Built in the 1960s in the fourth arrondissement to house the offices of the city’s administration, the Préfecture of Paris is a massive, unyielding and austere complex on the edge of the Marais. Characterized by a grid-like façade, it appeared closed and inaccessible, almost foreign to the vibrancy of its context. The Réinventer Paris call for proposals has transformed it into a lively and dynamic mixed-use building: the new La Félicité Paris Sully-Morland.
The call for bids was won by David Chipperfield Architects, BRS architectes ingénieurs and CALQ Agence d’Architecture, who focused on respecting the history of the building, in accordance with the constraints set by the program. To mediate the relationship between the context and the essential mass of the complex, two new buildings were constructed on the sides facing the Seine and Boulevard Morland, respectively. The new additions open up the ground floor – raised from the ground, they rest on a system of pillars and arches, encouraging the permeability with the outside.
The TiTi Palacio restaurant is on the second floor of the new building located on Boulevard Morland. Atelier OLK designed the space drawing inspiration from the Crystal Palace, constructed in 1851 by Joseph Paxton for the first Great Exhibition.
Like the famous architecture, the space is enclosed in a volume mainly consisting of glass and steel and is reminiscent of a large greenhouse – a suggestion that is emphasized by the presence of many plants that fill the space. The architects of Atelier OLK designed the restaurant without walls or divisions to respect Chipperfield’s original concept of having singular, large environment 50 m long, supported by columns and without internal partitions.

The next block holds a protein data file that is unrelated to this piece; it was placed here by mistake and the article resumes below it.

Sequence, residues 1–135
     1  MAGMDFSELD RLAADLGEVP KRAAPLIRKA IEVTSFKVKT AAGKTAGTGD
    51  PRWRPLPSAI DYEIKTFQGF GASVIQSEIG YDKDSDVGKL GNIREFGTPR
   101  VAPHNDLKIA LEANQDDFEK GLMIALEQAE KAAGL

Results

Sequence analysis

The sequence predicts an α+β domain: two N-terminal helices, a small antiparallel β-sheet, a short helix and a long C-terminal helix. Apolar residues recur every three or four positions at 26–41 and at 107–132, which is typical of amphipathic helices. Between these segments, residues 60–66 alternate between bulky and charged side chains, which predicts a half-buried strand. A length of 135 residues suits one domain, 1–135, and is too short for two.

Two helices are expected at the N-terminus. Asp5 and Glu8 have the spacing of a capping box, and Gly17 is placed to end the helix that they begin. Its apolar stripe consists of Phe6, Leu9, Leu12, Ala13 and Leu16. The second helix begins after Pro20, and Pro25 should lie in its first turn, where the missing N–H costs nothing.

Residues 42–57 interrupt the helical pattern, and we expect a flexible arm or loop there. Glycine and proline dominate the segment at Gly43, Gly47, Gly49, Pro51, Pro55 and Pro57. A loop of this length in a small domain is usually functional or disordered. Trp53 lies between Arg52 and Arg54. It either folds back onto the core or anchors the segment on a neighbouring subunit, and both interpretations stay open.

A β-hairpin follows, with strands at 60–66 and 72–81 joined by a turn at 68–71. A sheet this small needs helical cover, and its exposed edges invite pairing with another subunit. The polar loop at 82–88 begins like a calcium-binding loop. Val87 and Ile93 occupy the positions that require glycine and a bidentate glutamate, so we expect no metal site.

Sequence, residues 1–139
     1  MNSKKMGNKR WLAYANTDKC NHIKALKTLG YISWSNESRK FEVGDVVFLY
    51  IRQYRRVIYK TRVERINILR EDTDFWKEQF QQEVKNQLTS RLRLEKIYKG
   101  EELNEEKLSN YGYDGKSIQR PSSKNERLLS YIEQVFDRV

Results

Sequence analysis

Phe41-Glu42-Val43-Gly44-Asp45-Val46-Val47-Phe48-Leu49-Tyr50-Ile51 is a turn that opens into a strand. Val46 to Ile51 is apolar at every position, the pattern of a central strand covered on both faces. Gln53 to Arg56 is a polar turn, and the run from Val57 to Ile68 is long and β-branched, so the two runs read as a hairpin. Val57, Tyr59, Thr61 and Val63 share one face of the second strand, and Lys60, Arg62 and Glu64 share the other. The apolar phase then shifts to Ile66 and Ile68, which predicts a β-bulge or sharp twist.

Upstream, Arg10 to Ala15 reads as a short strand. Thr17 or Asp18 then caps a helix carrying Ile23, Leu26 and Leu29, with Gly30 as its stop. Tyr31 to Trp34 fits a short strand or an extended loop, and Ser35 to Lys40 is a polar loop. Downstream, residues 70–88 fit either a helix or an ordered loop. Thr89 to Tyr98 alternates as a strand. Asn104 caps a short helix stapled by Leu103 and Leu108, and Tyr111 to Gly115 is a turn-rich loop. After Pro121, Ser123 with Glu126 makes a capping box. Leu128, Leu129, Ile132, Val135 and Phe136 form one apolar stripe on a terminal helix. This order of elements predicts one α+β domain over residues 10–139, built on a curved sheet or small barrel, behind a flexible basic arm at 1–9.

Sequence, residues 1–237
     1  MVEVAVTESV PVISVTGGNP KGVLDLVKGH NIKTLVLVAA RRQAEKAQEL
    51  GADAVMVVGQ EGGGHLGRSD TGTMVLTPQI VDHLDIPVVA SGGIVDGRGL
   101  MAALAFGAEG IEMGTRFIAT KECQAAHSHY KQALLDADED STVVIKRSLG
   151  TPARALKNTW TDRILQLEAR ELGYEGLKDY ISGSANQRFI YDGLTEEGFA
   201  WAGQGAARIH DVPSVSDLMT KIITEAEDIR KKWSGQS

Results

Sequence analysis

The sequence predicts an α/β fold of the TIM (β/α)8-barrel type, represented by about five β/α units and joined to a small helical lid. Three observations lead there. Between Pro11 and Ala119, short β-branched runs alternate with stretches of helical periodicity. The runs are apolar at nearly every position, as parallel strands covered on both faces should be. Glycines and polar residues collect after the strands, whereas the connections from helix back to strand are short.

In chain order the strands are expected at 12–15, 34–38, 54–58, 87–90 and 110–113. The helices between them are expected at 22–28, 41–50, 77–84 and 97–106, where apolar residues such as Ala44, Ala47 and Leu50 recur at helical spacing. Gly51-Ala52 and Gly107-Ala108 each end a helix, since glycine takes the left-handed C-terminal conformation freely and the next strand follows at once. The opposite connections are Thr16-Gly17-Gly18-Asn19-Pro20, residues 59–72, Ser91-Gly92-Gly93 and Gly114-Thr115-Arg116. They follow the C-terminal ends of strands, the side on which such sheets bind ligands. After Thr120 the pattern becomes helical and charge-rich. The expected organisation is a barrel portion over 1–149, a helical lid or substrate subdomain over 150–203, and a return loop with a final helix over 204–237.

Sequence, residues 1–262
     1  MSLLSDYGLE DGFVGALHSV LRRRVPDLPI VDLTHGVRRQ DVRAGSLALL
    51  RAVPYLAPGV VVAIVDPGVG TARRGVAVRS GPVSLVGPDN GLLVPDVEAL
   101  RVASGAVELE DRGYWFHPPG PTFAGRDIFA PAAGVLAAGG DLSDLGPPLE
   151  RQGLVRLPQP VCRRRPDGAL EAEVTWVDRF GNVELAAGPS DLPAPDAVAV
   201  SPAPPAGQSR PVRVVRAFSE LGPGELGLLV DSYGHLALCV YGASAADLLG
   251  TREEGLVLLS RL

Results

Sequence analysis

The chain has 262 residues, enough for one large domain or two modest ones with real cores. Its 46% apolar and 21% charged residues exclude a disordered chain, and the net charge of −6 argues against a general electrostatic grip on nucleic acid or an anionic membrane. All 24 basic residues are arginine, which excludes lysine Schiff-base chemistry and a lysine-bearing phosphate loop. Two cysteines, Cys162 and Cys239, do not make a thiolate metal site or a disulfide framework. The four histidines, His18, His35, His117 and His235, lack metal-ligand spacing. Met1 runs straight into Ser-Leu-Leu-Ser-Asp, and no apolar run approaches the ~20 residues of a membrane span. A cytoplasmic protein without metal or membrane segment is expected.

The presence of modular and custom-made furnishings, metal arches and plants creates different environments, subdividing the rectangular space into three distinct areas. The cafeteria and the restaurant are on either end and the veranda is in the center.
The entire restaurant is flooded with light: the soft color palette of green and pink hues matches the neutral color of the light wood and wicker chairs. The plants are the finishing touch, conveying a sense of peace and contact with nature. The modularity of the furniture elements distinguishes the different functions of the spaces. The cafeteria area is a more lively and dynamic space, with tables and seating typical of a bistro, that transmit the idea of being outdoors. In the restaurant, the atmosphere is more intimate and relaxed, characterized by the semi-circular seating upholstered with striped fabric and protected by wicker screens. The veranda is a sort of “greenhouse within a greenhouse” and allows guests to observe the other angles of the restaurant and enjoy the view of Paris.
Near the veranda is the cornerstone of the project: the bar. Designed using a rectangular diagram, it is in the center of the restaurant and is accessible from all sides. A counter 40 m long with a marble countertop and green hand-crafted tile coverings dominates this area. Overhead lighting, hung from metallic arches that also support climbing plants, creates a highly evocative atmosphere.
After the sunset, the transparency of the glass surfaces makes the restaurant glow in the Parisian night, causing it to resemble a luminous jungle in the heart of the French capital.
Location: Paris, France
Client: France Hostels
Gross Floor Area: 700 m2
Architect: David Chipperfield Architects, BRS architectes ingénieurs, CALQ Agence d’Architecture
Interior Design: Atelier OLK (Olivier Lekien Architecte)
Landscape: Merci Raymond
Graphic Design: Joanna Spadiliero
Photography: Rodrigo Apolaya, courtesy of Atelier OLK
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